Waste-to-energy plants are being touted as a wonder solution for garbage management. But how feasible is this option?
Urban India produces around 150,000 tonnes of municipal solid waste (MSW) every day, of which only 25 per cent is processed. The rest is dumped or burned in open areas. By 2030, the figure will be a staggering 450,000 tonnes per day. How will our cities manage this gargantuan amount of waste? The go-to answer for city planners and policymakers is to burn MSW in waste-to-energy (WTE) plants. The logic is that instead of spending time and resources in segregating waste, the best way is to collect unsegregated wastes and process them in WTE plants to produce electricity or oil. Companies are offering this as a miracle solution to cities across the country. The government has bought this logic and provides several subsidies to promote WTE plants, including financial incentives to cities to supply garbage at project sites and for providing land at a nominal rent. These subsidies account for about 40 per cent of the cost of WTE plants.
WTE is not a new technology. The first WTE plant came up in Timarpur in Delhi in 1987. But it failed and was shut down soon after. Since then, 14 more WTE plants of 130 MW capacity have been installed in the country, but half of them have closed down. The remaining plants are under scrutiny for environmental violations. For example, in 2017, the National Green Tribunal slapped a fine of Rs 25 lakh on Okhla WTE plant in Delhi for polluting the environment.
So, why are WTE plants not working in India? The fundamental factor is the quality and composition of waste. MSW in India has low calorific value and high moisture content. As most of the waste is unsegregated, it also has a high content of inert materials like soil and sand. This waste is not suitable for burning in WTE plants. To burn it, additional fuel is required, which increases the cost of operations as well as pollution.
The second reason is economics. Despite the subsidies, the electricity produced from WTE plants is very expensive. Compared to Rs 3-4 per kWh from coal and solar plants, WTE plants sell electricity at about Rs 7/kWh. Discoms are not interested in buying such expensive electricity when cheaper electricity is available.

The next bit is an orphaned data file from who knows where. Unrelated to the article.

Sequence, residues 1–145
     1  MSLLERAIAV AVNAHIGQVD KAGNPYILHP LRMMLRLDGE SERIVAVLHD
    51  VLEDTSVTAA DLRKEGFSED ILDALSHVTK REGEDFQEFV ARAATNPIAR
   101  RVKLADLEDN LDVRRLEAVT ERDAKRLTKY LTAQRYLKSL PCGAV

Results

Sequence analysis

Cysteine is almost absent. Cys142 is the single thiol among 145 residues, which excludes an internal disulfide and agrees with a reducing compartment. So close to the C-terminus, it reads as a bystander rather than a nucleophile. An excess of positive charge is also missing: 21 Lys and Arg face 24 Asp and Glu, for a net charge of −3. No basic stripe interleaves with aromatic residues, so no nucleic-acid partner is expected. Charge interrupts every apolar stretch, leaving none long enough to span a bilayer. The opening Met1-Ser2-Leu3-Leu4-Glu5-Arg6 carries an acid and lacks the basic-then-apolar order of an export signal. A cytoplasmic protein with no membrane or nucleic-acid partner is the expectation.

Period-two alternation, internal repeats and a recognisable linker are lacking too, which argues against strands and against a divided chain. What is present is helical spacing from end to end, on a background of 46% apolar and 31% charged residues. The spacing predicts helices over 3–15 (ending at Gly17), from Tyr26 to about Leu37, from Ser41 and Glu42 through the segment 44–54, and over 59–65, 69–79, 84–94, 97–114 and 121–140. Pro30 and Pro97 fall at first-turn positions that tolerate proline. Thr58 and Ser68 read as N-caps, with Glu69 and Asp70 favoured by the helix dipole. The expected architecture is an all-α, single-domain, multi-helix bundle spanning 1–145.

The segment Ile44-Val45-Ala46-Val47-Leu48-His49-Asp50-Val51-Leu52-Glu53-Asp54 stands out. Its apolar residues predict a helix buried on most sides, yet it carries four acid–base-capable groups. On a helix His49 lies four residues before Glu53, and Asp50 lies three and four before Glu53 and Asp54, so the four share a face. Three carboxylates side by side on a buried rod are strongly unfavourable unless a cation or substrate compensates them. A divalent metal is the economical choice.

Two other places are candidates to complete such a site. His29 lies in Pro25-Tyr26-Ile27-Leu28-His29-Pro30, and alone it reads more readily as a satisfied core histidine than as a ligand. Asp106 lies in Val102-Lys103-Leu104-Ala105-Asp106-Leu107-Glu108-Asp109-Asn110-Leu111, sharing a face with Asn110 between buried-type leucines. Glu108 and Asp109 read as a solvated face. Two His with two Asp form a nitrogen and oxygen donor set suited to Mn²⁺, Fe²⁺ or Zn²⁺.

The third reason is the environmental and health impacts. Experience across the country indicates that WTE plants are not able to meet environmental norms. The reason again seems to be the highly variable and poor quality of waste that the plants are not able to burn properly. As they have to handle vast quantities of mixed waste, housekeeping is extremely challenging, leading to odour and visual pollution. People do not want smelly and polluting plants near their homes. So, should we be building large number of WTE plants in the country?
The Solid Waste Management Rules, 2016, clearly state that only non-recyclable high-calorific fractions such as used rubber tyres and multilayer plastics should be sent to WTE plants. Of the 150,000 tonnes of generated every day, only about 15 per cent can be classified as non-recyclable and high-calorific-value waste. This translates to about 25,000 tonnes per day (TPD) of waste. But the total waste treatment capacity for 40-odd under-construction and proposed WTE plants is already over 30,000 TPD. The question is: where is the waste to burn in WTE plants?
It is important for our city planners to understand that WTE plants have a role, but it is not for burning mixed waste. They should not be promoting these plants for mixed waste, otherwise these plants would end up as white elephants just like some of their predecessors.
(This article was first published in Down To Earth's print edition dated March 16-31, 2019)
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